I finished my run and headed back to the hotel. By this time, it's been 3-hours since I left my camera in the store and I still didn't realize it. What a moron. When I set foot in our room, my wife instantly shoved me back out the door and shouted, "You need to get back to the Birkenstock store!!!!!" You left your camera there!!!!! I didn't know what hit me.

What follows is a tale of a genuinely nice person. The woman who worked in the store discovered my camera. And she remembered me. She went through her store receipts and found a Visa receipt with my name on it. By now her store had closed for the day. Then she proceeded to call hotels on the Island to find where we were staying. There are many hotels on the Island, but she found us. I hustled back to the store where she had my camera waiting for me. Whew. I insisted that she take a reward and she refused. I begged her. She refused. She wouldn't do it under any circumstances. Period.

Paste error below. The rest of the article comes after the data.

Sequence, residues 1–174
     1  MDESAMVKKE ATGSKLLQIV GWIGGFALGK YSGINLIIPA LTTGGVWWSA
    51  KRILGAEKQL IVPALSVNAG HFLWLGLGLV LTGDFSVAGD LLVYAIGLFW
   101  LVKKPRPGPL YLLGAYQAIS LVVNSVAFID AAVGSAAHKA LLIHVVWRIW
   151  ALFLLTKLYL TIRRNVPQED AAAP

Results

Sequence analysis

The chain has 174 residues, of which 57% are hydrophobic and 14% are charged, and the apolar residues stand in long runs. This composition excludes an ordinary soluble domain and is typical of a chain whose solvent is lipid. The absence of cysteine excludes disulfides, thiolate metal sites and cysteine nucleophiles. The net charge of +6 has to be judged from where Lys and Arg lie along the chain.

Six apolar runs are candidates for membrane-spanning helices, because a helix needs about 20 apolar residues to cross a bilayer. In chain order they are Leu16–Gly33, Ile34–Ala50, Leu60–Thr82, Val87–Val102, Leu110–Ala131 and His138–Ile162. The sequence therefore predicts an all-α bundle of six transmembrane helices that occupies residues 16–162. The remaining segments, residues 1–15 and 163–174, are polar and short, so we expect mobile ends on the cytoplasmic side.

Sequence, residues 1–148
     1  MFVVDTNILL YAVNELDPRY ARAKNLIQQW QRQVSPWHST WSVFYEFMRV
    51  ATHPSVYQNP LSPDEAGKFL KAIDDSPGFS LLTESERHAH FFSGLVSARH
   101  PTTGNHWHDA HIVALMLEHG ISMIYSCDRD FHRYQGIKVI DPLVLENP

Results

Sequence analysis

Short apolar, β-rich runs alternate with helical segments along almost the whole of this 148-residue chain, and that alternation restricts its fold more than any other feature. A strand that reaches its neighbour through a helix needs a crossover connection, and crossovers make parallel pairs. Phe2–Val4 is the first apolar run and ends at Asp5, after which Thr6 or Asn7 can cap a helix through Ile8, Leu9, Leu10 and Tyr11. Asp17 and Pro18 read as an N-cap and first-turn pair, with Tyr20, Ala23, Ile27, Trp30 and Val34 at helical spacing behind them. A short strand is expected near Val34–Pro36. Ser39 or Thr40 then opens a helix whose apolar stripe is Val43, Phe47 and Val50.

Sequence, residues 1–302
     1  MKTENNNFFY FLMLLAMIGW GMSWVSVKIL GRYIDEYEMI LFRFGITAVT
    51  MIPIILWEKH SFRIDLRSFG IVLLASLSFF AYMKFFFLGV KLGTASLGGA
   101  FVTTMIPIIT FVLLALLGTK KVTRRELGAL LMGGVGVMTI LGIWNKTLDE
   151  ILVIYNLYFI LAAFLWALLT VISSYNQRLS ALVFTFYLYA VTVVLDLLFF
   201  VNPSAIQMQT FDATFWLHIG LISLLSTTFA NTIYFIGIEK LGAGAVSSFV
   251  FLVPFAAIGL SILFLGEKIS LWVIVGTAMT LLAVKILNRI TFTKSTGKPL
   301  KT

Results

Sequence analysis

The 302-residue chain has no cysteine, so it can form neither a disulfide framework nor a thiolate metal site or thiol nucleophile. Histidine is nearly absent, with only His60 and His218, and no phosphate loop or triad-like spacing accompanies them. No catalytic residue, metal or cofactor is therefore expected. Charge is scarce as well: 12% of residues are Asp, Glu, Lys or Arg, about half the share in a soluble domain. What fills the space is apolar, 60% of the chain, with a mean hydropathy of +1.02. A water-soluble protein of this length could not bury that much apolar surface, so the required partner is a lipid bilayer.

She ended up taking a ferry back to the mainland 3-hours later than her usual departure from the island, because I am an idiot. There are SO MANY ways this story could have ended badly. Bless her heart.

And I'll never set my camera down in an unfamiliar place again. I'm not smart enough.

Bless you, nice lady, where ever you are. Our world needs more people like you.

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Sunday, July 19, 2009

Little Buddy

_DSC5690_Rojel

I received a note this week from a little friend. I began to type it here and then decided not to. It was too personal. I'll share two sentences with you, though, because I think we can all learn from them:

"I miss you and I hope you come back. I will keep you in my heart."

Can you even imagine what goes through the mind of a child whose birth parents are not in his life? I guess I'll leave it at that, before I start sobbing...

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Friday, July 17, 2009

Tuesday, July 14, 2009

Same Message, Different Day

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I'm baaa-aaack. Back to remind myself how blessed I am. I need constant reminders. It is not my nature to be content with what I have. I seem to always want more.

What's up with that? (No, it's not a "syndrome" or a "gland problem", it's probably just plain greed.)